Transportation Security Administration (TSA) are looking to improve checkpoint throughput by upgrading from x-ray scanners to CT scanners in the near future.
Computed tomography (CT) technology are able to scan carry-on bags in three-dimensional imaging, allowing TSA officers to manipulate contents to spin 360 degrees and digitally unpack carry-ons. Algorithms are also used to detect suspicious items for weapons and potential explosives - TSA officers can then inspect bags for potential hazardous objects. The new technology could let passengers keep liquids and valuable electronics inside carry-on bags during security screening, which will eliminate the annoying security checkpoint shamble we all know and hate – and keep everyone moving swiftly and safely. Currently, airports are screening 180-200 people per hour in security lanes, but with this new smart lane technology, 350-500 people are expected to be screened per hour.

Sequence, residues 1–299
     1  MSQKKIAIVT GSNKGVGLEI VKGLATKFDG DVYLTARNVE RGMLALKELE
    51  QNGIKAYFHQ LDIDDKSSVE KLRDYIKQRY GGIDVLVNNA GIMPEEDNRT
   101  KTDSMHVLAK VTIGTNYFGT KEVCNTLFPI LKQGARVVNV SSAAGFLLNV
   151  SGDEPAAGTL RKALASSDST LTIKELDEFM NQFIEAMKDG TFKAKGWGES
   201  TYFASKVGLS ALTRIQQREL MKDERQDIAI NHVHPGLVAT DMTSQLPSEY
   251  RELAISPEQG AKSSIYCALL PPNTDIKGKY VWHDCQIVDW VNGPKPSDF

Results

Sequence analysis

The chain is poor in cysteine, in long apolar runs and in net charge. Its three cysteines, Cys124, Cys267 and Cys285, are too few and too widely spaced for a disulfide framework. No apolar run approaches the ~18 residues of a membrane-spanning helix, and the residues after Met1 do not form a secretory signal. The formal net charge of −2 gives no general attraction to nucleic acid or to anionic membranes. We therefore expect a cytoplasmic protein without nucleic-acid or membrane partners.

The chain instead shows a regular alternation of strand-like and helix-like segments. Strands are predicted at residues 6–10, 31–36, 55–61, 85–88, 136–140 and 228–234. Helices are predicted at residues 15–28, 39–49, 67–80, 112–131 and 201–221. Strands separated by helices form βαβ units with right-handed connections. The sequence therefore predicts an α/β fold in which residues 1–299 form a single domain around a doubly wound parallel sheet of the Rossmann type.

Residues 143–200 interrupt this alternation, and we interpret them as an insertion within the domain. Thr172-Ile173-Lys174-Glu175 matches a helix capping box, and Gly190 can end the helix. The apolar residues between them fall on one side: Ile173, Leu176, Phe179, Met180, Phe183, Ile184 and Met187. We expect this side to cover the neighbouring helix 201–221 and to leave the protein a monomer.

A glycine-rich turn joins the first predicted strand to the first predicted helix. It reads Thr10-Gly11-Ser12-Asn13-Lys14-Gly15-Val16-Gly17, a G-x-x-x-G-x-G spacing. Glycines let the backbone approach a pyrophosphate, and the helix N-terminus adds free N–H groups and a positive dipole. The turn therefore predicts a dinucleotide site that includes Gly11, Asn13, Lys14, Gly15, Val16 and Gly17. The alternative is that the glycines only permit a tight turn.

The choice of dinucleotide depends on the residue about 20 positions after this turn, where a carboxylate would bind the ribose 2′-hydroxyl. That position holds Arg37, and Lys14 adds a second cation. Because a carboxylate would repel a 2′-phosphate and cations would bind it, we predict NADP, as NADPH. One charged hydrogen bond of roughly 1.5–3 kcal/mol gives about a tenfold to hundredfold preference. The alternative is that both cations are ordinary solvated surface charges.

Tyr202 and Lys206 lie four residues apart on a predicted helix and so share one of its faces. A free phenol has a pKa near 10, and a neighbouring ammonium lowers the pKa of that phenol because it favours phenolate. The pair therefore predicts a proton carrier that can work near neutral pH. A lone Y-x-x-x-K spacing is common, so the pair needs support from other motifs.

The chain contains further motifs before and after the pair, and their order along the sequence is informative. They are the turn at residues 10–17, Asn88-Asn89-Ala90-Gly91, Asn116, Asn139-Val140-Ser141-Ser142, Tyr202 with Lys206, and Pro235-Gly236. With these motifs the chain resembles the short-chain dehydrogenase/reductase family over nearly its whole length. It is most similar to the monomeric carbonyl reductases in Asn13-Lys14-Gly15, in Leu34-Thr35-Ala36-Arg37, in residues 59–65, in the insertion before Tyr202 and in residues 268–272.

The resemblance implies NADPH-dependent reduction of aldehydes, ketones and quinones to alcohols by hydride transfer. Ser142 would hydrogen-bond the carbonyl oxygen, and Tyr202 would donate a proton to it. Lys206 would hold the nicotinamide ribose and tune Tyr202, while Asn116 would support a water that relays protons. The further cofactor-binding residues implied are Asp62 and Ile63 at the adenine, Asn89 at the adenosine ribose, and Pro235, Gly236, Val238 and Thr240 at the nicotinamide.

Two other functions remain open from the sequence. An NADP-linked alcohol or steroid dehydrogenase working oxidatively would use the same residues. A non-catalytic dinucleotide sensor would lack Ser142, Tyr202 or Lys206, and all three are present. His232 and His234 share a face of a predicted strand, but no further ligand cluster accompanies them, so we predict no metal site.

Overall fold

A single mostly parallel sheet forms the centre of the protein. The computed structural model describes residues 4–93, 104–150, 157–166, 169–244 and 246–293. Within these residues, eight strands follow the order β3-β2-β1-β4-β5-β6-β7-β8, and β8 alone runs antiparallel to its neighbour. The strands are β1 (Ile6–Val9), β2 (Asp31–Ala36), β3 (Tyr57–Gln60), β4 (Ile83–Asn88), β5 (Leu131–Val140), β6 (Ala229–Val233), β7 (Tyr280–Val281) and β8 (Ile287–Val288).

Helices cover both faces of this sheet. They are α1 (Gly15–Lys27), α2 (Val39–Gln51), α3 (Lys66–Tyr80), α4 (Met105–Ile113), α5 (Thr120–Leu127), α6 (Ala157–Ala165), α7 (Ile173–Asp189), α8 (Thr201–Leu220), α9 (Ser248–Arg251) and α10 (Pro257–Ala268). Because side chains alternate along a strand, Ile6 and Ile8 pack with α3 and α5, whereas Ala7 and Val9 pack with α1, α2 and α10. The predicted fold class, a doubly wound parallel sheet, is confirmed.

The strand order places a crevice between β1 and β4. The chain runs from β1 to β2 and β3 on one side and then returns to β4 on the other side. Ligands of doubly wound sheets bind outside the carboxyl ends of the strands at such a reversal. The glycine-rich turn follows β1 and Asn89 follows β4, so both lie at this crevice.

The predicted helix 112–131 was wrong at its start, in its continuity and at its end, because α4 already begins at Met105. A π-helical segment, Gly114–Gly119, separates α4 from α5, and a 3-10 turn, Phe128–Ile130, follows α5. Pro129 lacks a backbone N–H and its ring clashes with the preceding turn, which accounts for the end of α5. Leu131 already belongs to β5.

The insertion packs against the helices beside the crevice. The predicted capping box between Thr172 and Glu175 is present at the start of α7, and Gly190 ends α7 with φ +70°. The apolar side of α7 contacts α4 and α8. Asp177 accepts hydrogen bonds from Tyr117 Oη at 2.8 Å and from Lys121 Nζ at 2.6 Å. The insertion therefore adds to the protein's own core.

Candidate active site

TSA approved the new baggage scanner back in June, 2017. And gave airports permission in September, 2017 to start testing the new model from different manufacturers. American Airlines was the first to start testing a CT scanner, “ ConnecCT ” manufactured by Analogic, at Phoenix Sky Harbor International, security checkpoints. CT machines have screened checked luggage for 15 years now, and could become the new protocol for carry-on bags and checkpoint security.